How to find an offense?
This is about as low as you can get. Your pitchers throw a no-hitter and you still can't win. I don't think the Angel pitching can be much better than it has been since John Lackey returned to the mound, and if the Angels want to keep first place and avoid a second half meltdown they are going to have to rediscover the art of touching home plate.
Last year Garret Anderson got off to a slow start (285/286/424) and surprised us with a great second half straight out of his 2002-2003 prime. This year his first half is even worse (255/289/372). I don't think we can expect lightning to strike twice. We have options, like a guy who hit 310/362/525 the last time he was given regular playing time, or a 2nd year player who had a .391 OBP his rookie year. At the very least we need to move Anderson down in the order, maybe bring Kotchman into the #3 spot.
Back in April the offense actually looked good. Napoli was blasting dingers. Kotchman was hitting for power and average. Figgins was getting on base 5 times in every 4 plate appearances. Howie was hitting .500. Hunter began his Angel career with a bang. With Vladimir struggling, it seemed like this offense could only get betteronce he inevitably started hitting every pitch for a line drive. After April the team was hitting 279/339/427.
In May, 232/300/346, and in June 258/311/373.
At least we hit bottom in May (when we were forced to give too many atbats to minor leaguers) and June is a bit of an improvement. Right now it just looks really bad. I know the Angels are not a patient team. They are not the A's who worship walks, in fact they have been the middle finger to the A's, saying "that is BS, this is the way to really win!".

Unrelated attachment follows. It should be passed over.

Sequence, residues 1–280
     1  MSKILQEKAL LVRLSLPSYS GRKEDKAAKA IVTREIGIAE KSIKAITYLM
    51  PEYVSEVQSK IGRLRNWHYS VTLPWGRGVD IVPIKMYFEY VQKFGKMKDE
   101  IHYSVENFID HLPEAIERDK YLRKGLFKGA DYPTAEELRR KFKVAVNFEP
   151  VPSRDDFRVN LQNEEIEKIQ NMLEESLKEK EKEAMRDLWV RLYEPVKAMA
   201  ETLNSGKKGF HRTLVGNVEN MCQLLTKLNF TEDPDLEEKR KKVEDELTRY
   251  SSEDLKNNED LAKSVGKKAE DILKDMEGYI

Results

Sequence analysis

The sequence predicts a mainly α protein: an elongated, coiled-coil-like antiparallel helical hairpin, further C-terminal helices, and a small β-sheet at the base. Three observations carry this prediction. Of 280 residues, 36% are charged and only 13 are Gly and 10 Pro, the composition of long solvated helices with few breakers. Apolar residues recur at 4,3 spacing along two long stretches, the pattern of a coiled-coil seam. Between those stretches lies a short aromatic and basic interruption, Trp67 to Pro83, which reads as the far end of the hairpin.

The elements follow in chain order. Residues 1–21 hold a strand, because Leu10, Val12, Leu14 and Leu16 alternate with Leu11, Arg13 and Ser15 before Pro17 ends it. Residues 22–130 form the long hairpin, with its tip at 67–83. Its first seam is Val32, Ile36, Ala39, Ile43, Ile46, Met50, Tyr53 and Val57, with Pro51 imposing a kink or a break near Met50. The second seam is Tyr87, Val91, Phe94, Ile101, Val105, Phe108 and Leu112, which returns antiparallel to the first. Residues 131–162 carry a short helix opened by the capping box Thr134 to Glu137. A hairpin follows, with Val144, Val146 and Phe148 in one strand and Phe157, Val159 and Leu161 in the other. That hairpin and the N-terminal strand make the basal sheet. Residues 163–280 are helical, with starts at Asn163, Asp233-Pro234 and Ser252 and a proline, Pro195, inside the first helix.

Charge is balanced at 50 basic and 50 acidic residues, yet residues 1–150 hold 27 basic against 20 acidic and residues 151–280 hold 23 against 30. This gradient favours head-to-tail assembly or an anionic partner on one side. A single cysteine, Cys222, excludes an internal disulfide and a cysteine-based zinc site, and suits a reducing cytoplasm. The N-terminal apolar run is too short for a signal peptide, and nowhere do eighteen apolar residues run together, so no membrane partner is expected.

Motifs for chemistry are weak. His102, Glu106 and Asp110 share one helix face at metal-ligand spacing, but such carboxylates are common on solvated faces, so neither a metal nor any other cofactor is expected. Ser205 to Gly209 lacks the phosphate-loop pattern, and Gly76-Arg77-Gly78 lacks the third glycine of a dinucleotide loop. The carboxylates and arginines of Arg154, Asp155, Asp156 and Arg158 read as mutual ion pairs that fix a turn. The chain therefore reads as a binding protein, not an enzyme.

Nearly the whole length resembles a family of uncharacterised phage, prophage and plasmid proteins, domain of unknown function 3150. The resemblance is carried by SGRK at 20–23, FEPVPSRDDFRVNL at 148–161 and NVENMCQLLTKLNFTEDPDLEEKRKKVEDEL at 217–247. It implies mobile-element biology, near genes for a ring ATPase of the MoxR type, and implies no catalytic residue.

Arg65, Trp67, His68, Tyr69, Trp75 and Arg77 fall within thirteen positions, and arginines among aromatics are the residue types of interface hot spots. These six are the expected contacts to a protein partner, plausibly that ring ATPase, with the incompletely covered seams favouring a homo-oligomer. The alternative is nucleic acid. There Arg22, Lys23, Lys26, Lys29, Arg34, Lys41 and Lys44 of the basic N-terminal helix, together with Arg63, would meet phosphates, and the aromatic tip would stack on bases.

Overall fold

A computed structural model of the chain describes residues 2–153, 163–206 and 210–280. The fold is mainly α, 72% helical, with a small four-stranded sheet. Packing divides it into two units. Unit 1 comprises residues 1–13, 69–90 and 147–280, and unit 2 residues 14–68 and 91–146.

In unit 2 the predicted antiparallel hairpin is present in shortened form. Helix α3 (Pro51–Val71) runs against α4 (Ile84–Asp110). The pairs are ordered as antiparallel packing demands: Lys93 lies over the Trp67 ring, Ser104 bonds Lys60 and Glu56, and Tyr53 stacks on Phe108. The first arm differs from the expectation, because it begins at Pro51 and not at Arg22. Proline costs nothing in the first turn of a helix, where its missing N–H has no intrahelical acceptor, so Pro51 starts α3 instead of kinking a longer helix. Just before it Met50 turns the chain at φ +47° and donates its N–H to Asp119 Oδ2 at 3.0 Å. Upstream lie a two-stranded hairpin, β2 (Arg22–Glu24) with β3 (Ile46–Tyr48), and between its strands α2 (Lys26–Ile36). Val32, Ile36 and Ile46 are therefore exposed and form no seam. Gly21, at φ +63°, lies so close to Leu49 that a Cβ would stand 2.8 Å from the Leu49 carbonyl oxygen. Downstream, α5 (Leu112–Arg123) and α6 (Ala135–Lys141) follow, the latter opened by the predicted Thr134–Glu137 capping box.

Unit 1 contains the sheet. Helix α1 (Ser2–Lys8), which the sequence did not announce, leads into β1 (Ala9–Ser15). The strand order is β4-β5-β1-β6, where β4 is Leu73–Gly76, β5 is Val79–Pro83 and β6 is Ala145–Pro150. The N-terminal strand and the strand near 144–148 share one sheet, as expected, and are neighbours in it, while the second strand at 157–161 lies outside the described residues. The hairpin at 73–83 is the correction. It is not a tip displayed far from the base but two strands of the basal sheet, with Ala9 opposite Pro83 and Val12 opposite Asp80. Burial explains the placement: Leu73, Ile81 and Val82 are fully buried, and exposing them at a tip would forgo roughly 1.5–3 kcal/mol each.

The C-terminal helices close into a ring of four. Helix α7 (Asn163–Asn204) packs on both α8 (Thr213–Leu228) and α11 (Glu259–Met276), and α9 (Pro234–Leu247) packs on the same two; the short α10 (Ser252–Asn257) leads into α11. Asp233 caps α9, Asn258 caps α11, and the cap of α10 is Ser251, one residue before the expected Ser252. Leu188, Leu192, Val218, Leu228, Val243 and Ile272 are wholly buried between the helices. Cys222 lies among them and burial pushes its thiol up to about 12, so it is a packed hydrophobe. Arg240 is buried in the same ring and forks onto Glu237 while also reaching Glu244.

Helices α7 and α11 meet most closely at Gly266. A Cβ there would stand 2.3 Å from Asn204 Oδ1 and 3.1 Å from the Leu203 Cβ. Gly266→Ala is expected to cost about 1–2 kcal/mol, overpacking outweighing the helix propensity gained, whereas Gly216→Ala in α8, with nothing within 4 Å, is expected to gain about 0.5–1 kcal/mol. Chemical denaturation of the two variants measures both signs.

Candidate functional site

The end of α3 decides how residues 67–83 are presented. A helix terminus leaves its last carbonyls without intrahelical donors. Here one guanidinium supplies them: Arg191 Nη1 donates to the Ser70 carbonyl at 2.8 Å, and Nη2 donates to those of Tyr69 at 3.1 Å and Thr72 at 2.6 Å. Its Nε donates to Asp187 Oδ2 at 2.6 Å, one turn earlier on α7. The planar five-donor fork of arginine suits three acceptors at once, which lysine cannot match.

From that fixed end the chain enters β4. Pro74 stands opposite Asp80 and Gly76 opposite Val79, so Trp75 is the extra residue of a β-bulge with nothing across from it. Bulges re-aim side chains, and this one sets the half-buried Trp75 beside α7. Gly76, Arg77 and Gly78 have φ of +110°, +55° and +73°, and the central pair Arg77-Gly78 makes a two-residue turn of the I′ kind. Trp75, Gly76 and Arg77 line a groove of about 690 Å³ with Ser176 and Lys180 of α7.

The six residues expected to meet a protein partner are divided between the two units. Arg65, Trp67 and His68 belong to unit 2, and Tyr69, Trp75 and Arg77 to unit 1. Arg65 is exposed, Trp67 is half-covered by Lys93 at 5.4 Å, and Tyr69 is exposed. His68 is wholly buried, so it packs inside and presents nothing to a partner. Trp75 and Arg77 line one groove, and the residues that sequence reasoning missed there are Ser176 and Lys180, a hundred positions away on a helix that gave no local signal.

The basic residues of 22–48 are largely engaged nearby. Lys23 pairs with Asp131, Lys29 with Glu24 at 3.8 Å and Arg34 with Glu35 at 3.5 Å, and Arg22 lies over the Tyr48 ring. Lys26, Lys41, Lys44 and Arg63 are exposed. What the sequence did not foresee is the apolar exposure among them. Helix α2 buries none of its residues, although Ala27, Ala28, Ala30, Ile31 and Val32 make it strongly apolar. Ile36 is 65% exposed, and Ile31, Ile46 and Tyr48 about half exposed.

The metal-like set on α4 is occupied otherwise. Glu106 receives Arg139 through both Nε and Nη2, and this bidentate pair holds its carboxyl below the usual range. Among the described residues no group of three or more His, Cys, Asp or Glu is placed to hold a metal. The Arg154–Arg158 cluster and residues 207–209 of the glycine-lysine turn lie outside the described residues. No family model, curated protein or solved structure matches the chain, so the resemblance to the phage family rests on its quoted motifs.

Looking back at the 2002 team, they did not draw a lot of walks but they did not swing at bad pitches either. They waited for a good pitch and put it into play. They finished last in strikeouts and first in batting average. The 2008 team has the 6th most strikeouts and is 11th in batting average. I am tired of watching an entire lineup that cannot resist swinging at every pitch in the dirt.
The highest scoring offenses in baseball are the ones that follow the advice of Ted Williams' Science of Hitting. I can accept that we aren't going to be the Yankees and Red Sox when it comes to putting that into practice, but can this team at least follow the successful approach Mickey Hatcher has taught to the hitters in the past? You can't build an offense around singles unless you can put the bat on the ball. And you can't put the bat consistently on a series of balls in the dirt.